25. The Royal Darwin Hospital records contained the following comment:
“Unfortunately the decision was made to transfer him by car to Darwin and no antibiotics were given”.
Accordingly, I considered whether:
(i) the initial working diagnosis of viral infection was reasonable in the circumstances,
(ii) there was any unjustified delay in the decision to send Ben to hospital, and
(iii) the decision to allow Ben to travel to Darwin with his parents was appropriate in the circumstances.
26. As to the initial diagnosis of viral infection, I heard evidence from Dr Fonda, Dr Omond, and Dr Kalro. All agreed that the blood test results were non-specific and consistent with a diagnosis of viral infection. Dr Kalro, a specialist haematologist, explained that the leukemic process can mimic a viral infection and it was not uncommon for patients to experience some weeks of generally feeling unwell before being referred to specialist services. Accordingly, I accept that the initial diagnosis of viral infection was reasonable based on Ben’s presenting symptoms and blood results.
27. As to the timing of the decision and method of transfer from Adelaide River clinic to Royal Darwin Hospital, I heard evidence from District Nurse Renae Heath, DMO Dr Omond, Dr Fonda, and Dr Kalro. I am satisfied that prescribed procedures were followed at the Adelaide River clinic and that clinically appropriate decisions were made, based on the information available to the treating practitioners. There was nothing about Ben’s presentation which indicated transfer by ambulance was necessary. Ben had been observed for some time and appeared relatively stable when the decision was made to transfer him by private car.
Transfer from Royal Darwin Hospital to Women’s and Children’s Hospital, Adelaide and quality of care provided at the Women’s and Children’s Hospital
The Paediatric Intensive Care Unit
28. On Tuesday 26 April 2011 Ben was transferred by Care Flight to the Women’s and Children’s Hospital, Adelaide. He was admitted to the Paediatric Intensive Care Unit (PICU). He was considered to be critically unwell and was suffering from a complicated constellation of symptoms and disorders including: multi-system failure with cardiogenic shock (renal, respiratory, and marrow failure), tumor lysis syndrome, was inexplicably deeply comatose, and suffering from a rash.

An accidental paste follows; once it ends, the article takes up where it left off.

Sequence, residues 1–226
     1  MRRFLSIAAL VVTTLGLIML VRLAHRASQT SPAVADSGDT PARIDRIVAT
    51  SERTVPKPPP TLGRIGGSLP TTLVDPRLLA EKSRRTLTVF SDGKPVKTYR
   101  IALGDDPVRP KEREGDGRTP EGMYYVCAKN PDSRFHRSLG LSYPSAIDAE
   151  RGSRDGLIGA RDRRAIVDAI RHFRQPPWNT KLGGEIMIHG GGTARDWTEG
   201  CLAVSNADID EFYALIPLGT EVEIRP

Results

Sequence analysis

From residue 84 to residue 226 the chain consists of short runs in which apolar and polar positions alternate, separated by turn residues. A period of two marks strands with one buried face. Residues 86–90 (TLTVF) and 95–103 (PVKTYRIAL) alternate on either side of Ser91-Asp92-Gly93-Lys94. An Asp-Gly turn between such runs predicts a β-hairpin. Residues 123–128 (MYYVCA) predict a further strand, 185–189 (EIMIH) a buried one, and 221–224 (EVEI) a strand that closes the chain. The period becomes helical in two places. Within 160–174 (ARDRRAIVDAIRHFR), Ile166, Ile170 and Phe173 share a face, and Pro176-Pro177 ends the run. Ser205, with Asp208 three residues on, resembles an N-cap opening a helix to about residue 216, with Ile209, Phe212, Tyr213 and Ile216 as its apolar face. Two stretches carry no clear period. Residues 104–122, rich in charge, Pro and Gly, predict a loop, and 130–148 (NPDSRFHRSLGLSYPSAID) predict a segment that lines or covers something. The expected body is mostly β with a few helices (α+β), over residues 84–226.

29. Diagnosis of Ben’s primary underlying condition remained acute lymphoblastic leukaemia. Markers suggestive of a leukaemia diagnosis were detected in a bone marrow biopsy on 27 April 2011. Ben was commenced on steroid therapy (Methylprednisolone) as an anti-leukemic intervention.
30. On admission Ben weighed about 70 kilograms. By 12 May 2011 Ben’s weight had dropped to about 58 kilograms. The dosage of Ben’s steroid therapy was in part determined by his weight. However, the dosage did not change in line with his weight loss.
31. One issue of concern to Ben’s parents was the possibility that due to his significant weight loss, Ben was overmedicated. Both Dr Keeley and Dr Osborn gave evidence about this. They told me that the steroid therapy provided was well within the recommended range and that steroid dosages were not normally altered in response to patient weight loss or gain. Their combined evidence refuted any concern that Ben had been “overdosed”.
32. Unusually, in response to the steroid therapy alone (and without chemotherapy) Ben’s leukaemia went into remission. On 9 May 2011 the medical notes reveal that Ben was no longer neutropenic.
33. As Ben improved, the PICU life-saving interventions were gradually reduced. Ben was able to breathe for himself and was extubated on 10 May 2011.
The Brookman Ward and a stomach perforation
34. On 12 May 2011 Ben was transferred from PICU to Oncology, the Brookman Ward. Ben commenced solid food. Ben’s mother and grandmother (a nurse) were concerned at the hardness of the food being offered to Ben.
35. During the afternoon of 13 May 2011 Ben started experiencing stomach pains and diarrhoea of a dark colour. Throughout the afternoon and evening Ben’s mother and grandmother were very concerned about what appeared to them to be a significant and obvious change in his condition. They repeatedly reported their concerns to medical staff and requested further investigation of the cause of Ben’s abdominal pain.